Preferably the support body has a vertical body section and a horizontal body section extending rearwardly from a bottom end portion of the vertical section. The preferred vertical body section is constructed of vertically extending front and rear panels, vertically extending side panels and a series of horizontally extending, spaced-apart connecting panels.
According to another aspect of the invention, there is provided a support assembly for use in a die transfer system for transferring workpieces between successive die stations in a stamping press, this support assembly during use of the die transfer system being movable on a support apparatus of the die transfer system and movably supporting a transfer bar having workpiece engaging devices thereon.
This support assembly comprises a support body adapted for slidably mounting a support device having an end on which the transfer bar can be mounted. The support body has a vertically extending body section with an upper end and a bottom end, a front side adapted to face towards one side of the stamping press during use thereof, a vertical rear side, and a vertical guide rail arrangement for facilitating vertical movement of the support body relative to the support apparatus. The body section includes a first front panel forming the front side, a second panel extending vertically and spaced from the front panel, two side panels extending between and connecting the first and second panels and located on opposite sides of the body section, and a series of spaced-apart connecting panels extending between and rigidly joining the first and second panels. The support assembly further includes a drive system for moving the support device relative to the support body. This drive system includes a drive motor mounted to and supported by the body section and having at least a major portion thereof located within the body section. A drive pulley is operatively connected for rotation by the drive motor and is located within the body section. A drive belt extends around the drive pulley and is adapted for connection to the support device. The drive belt in use extends through the bottom end of the support body for connection to the support device.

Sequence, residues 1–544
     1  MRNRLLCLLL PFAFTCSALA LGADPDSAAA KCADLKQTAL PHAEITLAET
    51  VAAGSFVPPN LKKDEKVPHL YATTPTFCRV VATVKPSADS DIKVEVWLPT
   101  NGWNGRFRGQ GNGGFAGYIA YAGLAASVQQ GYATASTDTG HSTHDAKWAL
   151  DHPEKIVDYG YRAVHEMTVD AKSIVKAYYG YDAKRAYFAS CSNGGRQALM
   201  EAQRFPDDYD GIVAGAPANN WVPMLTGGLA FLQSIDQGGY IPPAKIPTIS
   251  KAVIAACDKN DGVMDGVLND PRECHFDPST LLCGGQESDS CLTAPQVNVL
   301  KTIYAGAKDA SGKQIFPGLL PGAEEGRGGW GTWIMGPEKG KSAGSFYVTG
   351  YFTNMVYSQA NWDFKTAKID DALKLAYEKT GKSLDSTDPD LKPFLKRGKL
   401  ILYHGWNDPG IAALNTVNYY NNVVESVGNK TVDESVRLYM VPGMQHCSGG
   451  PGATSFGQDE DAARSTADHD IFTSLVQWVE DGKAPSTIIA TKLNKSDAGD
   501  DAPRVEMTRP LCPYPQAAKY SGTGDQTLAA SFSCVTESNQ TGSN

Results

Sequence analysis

In a preferred embodiment, the connection panels extend substantially horizontally during use of the support assembly and include a bottom panel with at least one aperture, a top panel and at least three intermediate panels distributed between the bottom and top panels.
According to another aspect of the invention, there is provided a lightweight support assembly for use in a die transfer system for transferring workpieces, this support assembly during use of the system being movable by a power drive unit. The support assembly comprises a support body adapted for movably mounting a support member and includes outer panels forming exterior sides of the support member and connected to one another along adjacent edges thereof and interior connecting panels extending between and connecting at least two of the outer panels. The outer panels and 5 connecting panels being made substantially of aluminum alloy and being rigidly connected together by a suitable adhesive. This support assembly further includes at least a drive component of the power drive unit mounted on the support body.
The preferred aluminum alloy is aluminum alloy 6061.
Further features and advantages will become apparent from the following detailed description taken in conjunction with the accompanying drawings which illustrate a preferred embodiment.
In the drawings, Figure 1 is a plan view of a stamping press and transfer system incorporating the support assembly of the invention with a mezzanine of the press not shown for sake of illustration;
Figure 2 is a side view of the stamping press and transfer system of figure 1 with a known feeder mechanism being shown on the left side of the platform on which the stamping press is mounted;
Figure 3 is an end elevation of the stamping press and transfer system with the feeder mechanism and control panels omitted for clarity;
Figure 4 is a perspective view of a movable support body for a mounting head used in the transfer system, this view being taken from above, showing the beam facing side and left side of the support assembly, and showing a servo-motor partially projecting from the left side of the body;
Figure 5 is a perspective view of the support body of Figure 4, this view being taken from above and showing the vertical side thereof that faces away from the beam;
Figure 6 is an exploded view of the movable support body of Figures 4 and 5 showing many of the components and plates used to construct the support body;
Figure 7 is an exploded view of the support assembly including working components with the main portion of the support body being seen from above and from the beam facing side;
Figure 8 is a perspective view of an assembled movable support assembly, this view being taken from below showing the assembly with the right side panel removed for sake of illustration;
Figure 9 is a perspective view of one of the vertical panels used in the support body;
Figure 10 is an exploded detail view of a central portion of the support assembly, this view being taken in the encircled area indicated in Figure 7;